Differentiation is key to keeping things fresh, and “All Those Friendly People” is fairly distinct in that regard; it’s quite tough to compare it to any other reputable piece of music. A synth that vaguely parallels a classy harpsichord in combination with the smashing of a proudly noisy high hat allows this 2012 cult jam to stand alone in a weird space between alternative rock and a ballroom waltz. Lead singer Brian James resembles the star of a poetry slam, successfully but barely forcing syllables into the waning moments every verse as if the message matters more than the supporting music.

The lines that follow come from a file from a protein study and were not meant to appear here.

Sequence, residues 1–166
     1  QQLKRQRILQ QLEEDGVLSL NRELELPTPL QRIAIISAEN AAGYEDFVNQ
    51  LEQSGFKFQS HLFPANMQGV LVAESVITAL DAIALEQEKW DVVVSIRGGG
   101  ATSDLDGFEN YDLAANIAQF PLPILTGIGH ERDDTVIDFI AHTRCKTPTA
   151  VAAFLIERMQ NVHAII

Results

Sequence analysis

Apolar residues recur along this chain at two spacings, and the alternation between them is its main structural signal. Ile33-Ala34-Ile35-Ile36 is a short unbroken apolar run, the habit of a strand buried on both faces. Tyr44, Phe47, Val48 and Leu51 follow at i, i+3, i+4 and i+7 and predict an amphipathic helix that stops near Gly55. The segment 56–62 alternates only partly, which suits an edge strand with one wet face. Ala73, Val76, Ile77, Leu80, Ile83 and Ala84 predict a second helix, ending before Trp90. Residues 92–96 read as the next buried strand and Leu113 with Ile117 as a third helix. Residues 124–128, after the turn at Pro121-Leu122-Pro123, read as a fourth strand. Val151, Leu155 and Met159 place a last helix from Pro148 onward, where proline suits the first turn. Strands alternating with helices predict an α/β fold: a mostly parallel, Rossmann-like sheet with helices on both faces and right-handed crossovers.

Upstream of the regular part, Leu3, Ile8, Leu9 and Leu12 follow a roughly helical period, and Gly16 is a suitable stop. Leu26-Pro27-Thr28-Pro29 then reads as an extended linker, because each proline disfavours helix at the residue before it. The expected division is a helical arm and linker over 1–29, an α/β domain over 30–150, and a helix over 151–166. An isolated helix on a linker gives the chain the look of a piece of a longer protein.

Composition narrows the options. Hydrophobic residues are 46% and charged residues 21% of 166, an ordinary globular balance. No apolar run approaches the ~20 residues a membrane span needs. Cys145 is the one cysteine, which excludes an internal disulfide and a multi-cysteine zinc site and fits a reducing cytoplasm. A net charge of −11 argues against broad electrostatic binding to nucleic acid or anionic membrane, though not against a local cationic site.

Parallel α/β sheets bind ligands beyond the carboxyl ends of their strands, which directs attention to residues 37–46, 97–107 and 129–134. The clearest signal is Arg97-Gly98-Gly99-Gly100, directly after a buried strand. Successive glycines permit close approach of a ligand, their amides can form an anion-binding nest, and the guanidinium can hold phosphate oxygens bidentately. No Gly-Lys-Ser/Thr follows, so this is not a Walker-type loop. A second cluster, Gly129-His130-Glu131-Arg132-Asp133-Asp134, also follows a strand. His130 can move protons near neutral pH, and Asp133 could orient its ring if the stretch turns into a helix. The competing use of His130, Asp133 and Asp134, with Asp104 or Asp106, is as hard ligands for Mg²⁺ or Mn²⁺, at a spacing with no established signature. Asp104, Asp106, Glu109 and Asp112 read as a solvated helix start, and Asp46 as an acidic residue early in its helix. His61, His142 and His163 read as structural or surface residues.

This is certainly one of the stranger videos you’ll watch all week. Multiple theories exist as to what Funeral Suits is trying to promote in this visual representation of “All Those Friendly People”, but I think it’s meant to intentionally contrast from the lyrical message. The lyrics tell a tale of a man’s unconditional love for a woman that he also rues as a pop culture-obsessed, chain-smoking, stone-hearted has-been that refuses to answer his phone calls (ironic that he’s still calling). In the juxtaposed video, man’s unnatural parading of a woman as an object leaves her to attempt an escape in a necessarily desperate attempt to regain her autonomy. The song and video do share a surface level connection however, has Brain James explains that both “document the age-old battle between the oppressor and the oppressed.” Oh Brian James, you’re such a romantic.